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US to Intensify Refugee Screening, as Partial Ban Expires


FILE - International passengers arrive at Washington Dulles International Airport, in Dulles, Virginia, June 26, 2017.

A four-month review of the U.S. refugee program mandated by President Donald Trump ends Tuesday, but with new vetting measures on the horizon.

The State Department and Department of Homeland Security have yet to announce the details of the new screening measures.

However, the Wall Street Journal reported Tuesday that the government will require additional biographical data and a more extensive review of refugees' social media accounts prior to their acceptance.

Reuters reports that the U.S. government will require refugees to provide information on their whereabouts going back a decade, twice as long as before.

Executive orders don't stop refugees

Thousands of refugees have entered the United States since January, despite Trump's two executive orders attempting to halt the program. Lawsuits stymied the initial roll-out of the temporary ban. Later, the U.S. Supreme Court determined arrivals could continue as long as the refugees could demonstrate "bona fide" close family ties to the country.

The high court on Tuesday also dismissed a lawsuit by the state of Hawaii against an earlier version of Trump's travel ban — the same one that limited refugee arrivals. The new refugee vetting procedures, and a separate presidential proclamation in September limiting travelers from eight countries, replace much of what the two earlier travel bans attempted.

Last week, a judge in Hawaii involved halted the administration's latest efforts to block travelers from Chad, Iran, Libya, Somalia, Syria and Yemen.

The House Judiciary Committee is scheduled to hear from the top officials in charge of the refugee programs within the State Department, DHS and the Department of Health and Human Services' Office of Refugee Resettlement on Capitol Hill this Thursday.

In addition to the forthcoming vetting changes, the Trump administration last month announced it would drop the ceiling on refugee arrivals for the 2018 Fiscal Year to 45,000, the lowest limit ever set for the program.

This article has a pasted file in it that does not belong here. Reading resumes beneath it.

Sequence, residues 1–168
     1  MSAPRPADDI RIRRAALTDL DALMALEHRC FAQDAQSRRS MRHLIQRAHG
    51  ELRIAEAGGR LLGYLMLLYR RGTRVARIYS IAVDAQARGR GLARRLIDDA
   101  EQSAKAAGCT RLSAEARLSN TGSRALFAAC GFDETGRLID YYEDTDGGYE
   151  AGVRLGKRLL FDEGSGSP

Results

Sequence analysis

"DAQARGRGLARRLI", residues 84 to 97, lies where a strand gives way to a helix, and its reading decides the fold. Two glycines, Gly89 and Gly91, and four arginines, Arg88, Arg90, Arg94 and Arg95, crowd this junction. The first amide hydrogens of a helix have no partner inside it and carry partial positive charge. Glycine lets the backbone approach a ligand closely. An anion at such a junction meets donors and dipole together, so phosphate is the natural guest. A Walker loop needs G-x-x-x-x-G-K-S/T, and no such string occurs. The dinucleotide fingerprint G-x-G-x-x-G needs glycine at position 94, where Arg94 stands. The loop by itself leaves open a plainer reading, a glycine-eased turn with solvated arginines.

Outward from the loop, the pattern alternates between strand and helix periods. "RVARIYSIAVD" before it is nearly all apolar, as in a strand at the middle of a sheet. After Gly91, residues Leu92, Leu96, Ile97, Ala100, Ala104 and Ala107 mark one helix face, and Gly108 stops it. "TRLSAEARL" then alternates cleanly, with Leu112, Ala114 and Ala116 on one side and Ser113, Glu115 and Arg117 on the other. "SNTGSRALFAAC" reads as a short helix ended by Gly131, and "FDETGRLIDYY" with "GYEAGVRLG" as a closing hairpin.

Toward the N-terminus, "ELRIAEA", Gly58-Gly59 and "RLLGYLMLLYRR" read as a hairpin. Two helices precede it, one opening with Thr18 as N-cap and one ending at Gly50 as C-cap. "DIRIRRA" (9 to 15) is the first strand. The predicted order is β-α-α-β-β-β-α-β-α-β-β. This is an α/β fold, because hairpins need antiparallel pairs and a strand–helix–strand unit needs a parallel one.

During the last months of then-President Barack Obama's tenure in late 2016 and 2017, the U.S. refugee program — the most robust resettlement program in the world — was on track to receive 110,000 refugees in the 2017 fiscal year, amid increasing demand for safe third-country relocation stemming from the Syrian civil war and Islamic State violence.

Trump insisted, first as a candidate then as president, the refugee vetting system was inadequate, despite academic studies showing few links to refugees and fatal attacks in the United States. The country's refugee program has overseen the arrivals of more than three million displaced people since 1975.

FILE - In this Oct. 5, 2016, photo, parents pick up their children at Naranca Elementary in El Cajon, California. The school is one of many in the San Diego suburb that has received an influx of Syrian refugees.
FILE - In this Oct. 5, 2016, photo, parents pick up their children at Naranca Elementary in El Cajon, California. The school is one of many in the San Diego suburb that has received an influx of Syrian refugees.

More Christians

Under the new administration, the refugee program has changed in other ways — including a shift back to accepting more Christians than Muslims, the two leading religions for arrivals since the early 2000s, according to a review of State Department data by VOA.

In 2016, a push to welcome more Syrian refugees bolstered the number of Muslims arrivals to the top spot for only the second time since that demographic data was made publicly available in 2002. Of the nearly 85,000 refugees who arrived between Oct. 1, 2015 and Sept. 30, 2016, 46 percent were Muslims, and 44 percent were Christian.

For the fiscal year that ended last month, however, Christians accounted for 47 percent of the approximately 54,000 refugees who entered the United States; whereas Muslim refugee arrivals dropped slightly to 43 percent during the same period, which included the transition of power from Obama to Trump in January.

Trump has prioritized changes to U.S. immigration and deportation systems since taking office. In addition to limiting refugees, his administration has issued three variations of the travel ban affecting specific countries, ended the Deferred Action for Childhood Arrivals policy, and ordered the hiring of 15,000 more immigration and border protection agents.

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